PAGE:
SUP Women | Joanna Hamilton-Vale
Standup paddler, distance runner, sailor, rower, wakeboarder, Stand Up for the Cure global ambassador, and two-time breast cancer survivor; the UK's Joanna ('Jo') Hamilton-Vale can answer to any of those titles. The competitor from Southampton is as strong as she is athletically diverse and is motivating females of all ages to get outdoors and have fun staying active. —SC
SUP: After initially entering the racing scene you said you changed your diet. Can you tell us what your diet typically consists of now to keep you race-ready?
JH: When changing my diet, I cut out all bread, pasta, grains, and sugar, resulting in me being able to use fat as my energy source. Unfortunately, sugar is my guilty pleasure so I occasionally succumb and have an extremely naughty day.
Being a paddler of almost 50 years old, I also rely on supplements whilst training and racing. My supplements are mainly magnesium, zinc and omega-3.
Where do you like to paddle when at home in the Southampton area?
At home I have no one close by to train with, therefore lots of long paddles on my own can become tedious. My favorite paddle is from the mainland to the Isle of Wight. The round-trip distance is only 14km, but it crosses two busy shipping lanes, strong currents, and lots of water traffic. This paddle always keeps me alert.
You've competed in the 125-mile SUP 11-City Tour three times and last year chose to compete in the non-stop division, where you took second place. What was the most grueling part of the 29 hours and 48 minutes it took you to finish the race?
The most grueling part of the non-stop race was when I got lost during the night. Unfortunately, I struggle with differentiating between right and left; so despite telephone calls from my husband directing me, my bad navigation continued for almost five kilometers.
In addition, Mother Nature provided the non-stop paddlers with relentless bad weather and nine hours of constant headwind through the night. This included tropical rain storms and a few lightning storms. At one point, I even had to prone paddle my board to the side of a lake because the lightning was directly overhead.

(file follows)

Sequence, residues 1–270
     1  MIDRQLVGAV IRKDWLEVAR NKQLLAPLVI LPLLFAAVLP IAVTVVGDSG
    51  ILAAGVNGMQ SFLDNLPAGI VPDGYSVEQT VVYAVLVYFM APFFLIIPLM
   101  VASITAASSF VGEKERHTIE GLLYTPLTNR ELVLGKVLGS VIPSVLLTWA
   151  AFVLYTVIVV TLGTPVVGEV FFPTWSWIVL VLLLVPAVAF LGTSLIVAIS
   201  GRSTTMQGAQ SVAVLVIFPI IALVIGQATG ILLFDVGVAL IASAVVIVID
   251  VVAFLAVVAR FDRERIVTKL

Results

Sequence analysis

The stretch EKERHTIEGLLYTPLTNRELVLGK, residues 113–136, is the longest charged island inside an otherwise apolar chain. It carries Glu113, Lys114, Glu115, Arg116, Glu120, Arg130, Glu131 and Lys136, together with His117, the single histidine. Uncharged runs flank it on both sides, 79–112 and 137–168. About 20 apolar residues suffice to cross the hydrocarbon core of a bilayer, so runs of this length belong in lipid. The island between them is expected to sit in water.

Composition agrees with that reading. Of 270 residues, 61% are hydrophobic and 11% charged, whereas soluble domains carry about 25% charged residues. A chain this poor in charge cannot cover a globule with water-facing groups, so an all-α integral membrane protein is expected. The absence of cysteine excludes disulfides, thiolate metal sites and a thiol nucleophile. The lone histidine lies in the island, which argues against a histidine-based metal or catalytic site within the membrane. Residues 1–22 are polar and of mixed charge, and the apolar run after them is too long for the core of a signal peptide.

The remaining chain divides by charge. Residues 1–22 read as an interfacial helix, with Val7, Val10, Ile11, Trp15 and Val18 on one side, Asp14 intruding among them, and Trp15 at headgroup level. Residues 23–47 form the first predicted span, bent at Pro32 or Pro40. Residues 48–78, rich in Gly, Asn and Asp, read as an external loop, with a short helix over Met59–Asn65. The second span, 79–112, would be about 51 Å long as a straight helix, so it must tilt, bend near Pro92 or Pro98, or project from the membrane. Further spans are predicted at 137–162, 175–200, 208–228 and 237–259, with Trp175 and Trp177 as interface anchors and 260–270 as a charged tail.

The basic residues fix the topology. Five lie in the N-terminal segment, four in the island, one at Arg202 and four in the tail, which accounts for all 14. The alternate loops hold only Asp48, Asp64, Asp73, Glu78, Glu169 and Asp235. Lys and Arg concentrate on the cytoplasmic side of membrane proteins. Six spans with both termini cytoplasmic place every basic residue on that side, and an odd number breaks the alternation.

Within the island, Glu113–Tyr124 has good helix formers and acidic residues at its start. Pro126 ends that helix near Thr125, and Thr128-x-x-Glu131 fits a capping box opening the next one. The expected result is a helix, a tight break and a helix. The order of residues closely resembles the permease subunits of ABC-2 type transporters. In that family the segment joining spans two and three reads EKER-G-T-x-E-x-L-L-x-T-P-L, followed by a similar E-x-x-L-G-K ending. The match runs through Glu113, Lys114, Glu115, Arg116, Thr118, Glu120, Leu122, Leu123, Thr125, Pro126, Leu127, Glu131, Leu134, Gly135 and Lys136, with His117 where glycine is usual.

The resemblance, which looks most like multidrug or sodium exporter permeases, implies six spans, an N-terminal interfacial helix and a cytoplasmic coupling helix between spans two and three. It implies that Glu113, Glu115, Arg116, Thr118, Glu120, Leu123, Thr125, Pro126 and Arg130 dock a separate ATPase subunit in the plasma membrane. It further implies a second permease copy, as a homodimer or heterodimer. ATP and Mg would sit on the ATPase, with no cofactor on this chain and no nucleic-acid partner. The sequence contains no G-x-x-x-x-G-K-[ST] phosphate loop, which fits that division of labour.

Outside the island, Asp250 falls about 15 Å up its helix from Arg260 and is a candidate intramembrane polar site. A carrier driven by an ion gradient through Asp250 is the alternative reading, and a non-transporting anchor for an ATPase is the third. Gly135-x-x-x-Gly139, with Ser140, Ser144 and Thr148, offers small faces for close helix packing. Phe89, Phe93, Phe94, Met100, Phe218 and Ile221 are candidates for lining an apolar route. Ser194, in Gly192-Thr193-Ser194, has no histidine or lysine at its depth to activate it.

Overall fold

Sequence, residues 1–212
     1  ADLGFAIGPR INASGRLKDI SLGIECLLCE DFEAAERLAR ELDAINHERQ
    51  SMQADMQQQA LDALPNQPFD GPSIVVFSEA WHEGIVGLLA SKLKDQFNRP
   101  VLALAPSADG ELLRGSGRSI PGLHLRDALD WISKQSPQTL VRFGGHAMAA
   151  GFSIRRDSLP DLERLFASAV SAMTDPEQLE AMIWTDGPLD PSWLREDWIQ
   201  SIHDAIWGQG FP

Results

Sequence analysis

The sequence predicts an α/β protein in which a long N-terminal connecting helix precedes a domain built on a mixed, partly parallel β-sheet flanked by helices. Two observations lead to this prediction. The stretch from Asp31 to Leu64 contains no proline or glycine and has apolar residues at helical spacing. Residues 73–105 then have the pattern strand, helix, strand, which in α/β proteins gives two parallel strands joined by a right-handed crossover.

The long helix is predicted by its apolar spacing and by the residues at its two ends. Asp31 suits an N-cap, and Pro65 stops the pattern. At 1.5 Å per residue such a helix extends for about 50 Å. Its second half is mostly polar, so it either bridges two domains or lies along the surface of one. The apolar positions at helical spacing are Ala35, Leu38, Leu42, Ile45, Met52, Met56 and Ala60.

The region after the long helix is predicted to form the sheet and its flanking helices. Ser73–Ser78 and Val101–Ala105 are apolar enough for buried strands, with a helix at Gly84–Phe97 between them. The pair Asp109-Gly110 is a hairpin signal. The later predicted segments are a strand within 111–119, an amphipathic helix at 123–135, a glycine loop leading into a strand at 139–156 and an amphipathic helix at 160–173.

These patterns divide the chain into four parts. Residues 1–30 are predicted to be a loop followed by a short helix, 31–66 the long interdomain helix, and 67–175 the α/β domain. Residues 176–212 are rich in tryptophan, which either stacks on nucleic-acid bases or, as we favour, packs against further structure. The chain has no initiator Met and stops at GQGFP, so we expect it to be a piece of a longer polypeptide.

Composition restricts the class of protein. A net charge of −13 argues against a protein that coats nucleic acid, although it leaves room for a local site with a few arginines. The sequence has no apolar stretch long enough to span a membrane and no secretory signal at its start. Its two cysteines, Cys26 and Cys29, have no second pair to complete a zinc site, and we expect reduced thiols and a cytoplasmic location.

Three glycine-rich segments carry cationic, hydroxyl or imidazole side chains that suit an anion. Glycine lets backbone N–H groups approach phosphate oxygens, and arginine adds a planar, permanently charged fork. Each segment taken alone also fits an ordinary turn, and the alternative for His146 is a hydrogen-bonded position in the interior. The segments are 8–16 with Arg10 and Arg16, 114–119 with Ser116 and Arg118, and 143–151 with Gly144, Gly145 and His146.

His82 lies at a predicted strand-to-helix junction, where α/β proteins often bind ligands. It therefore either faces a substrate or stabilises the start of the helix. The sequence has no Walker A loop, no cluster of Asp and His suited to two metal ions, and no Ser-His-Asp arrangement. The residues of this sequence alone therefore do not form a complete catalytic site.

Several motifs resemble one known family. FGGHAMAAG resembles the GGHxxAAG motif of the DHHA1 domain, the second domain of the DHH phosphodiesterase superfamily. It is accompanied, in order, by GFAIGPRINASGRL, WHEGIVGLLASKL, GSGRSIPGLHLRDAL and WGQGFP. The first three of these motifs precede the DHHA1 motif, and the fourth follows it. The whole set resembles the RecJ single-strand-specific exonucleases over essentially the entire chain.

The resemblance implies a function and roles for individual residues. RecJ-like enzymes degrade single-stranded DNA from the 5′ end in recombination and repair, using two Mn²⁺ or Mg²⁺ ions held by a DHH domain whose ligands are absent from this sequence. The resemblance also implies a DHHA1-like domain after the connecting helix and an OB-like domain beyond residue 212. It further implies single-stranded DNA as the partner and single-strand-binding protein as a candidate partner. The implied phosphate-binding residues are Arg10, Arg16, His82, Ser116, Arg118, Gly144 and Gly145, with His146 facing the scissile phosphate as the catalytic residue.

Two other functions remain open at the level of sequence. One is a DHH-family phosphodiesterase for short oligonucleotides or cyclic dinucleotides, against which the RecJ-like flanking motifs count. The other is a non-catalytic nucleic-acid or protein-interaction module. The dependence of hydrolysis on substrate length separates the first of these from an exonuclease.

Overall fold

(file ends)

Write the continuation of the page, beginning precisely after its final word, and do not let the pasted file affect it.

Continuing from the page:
Physically, the biggest challenge was leg endurance. My upper body survived the race relatively well, however, I was taking painkillers to ease the pain in my legs from around the 16 hour point.
You're preparing for another arduous event, the 444-mile Yukon River Quest, while concurrently fundraising for Standup for the Cure (SUFTC), where you serve as a Global Ambassador. What made you decide to fundraise for SUFTC during the buildup to what you've said will be your 'most difficult challenge' to-date?
SUFTC is a charity very close to my heart because I have survived breast cancer twice. I was extremely lucky to have had adequate health insurance, ensuring I was treated very quickly on both occasions. I find it very upsetting that some people are not receiving immediate treatment due to the lack of private medical coverage. I will do everything I can to raise awareness and money to assist treatment, cure, and prevention measures.
What are you looking forward to most at June's Yukon River Quest?
I have asked anyone who donates to SUFTC to pass me the name of a loved one who is either fighting or did not survive cancer, and I will place every name on my race shirt that I wear for the 444 miles. I am most looking forward to taking all of those strong people on this magnificent journey with me.
What are you striving to accomplish in SUP?
In the UK, SUP was heading in many directions with no structure or plan. I contacted a few very driven paddlers in the UK and between us, we formed UK SUP. It’s a non-profit organization that manages the UK National Race Series, which is composed of eight to 10 races a year across the UK. Last year, we incorporated Naish One design racing and Junior racing. Our aim is to be inclusive to all paddlers, despite their age and ability. We are now in our third year and last year had over 300 paddlers racing throughout the season.
I believe the future of the sport is in children and that is what we should strive to nurture over the next few years. As for my personal paddling, I want to just have fun.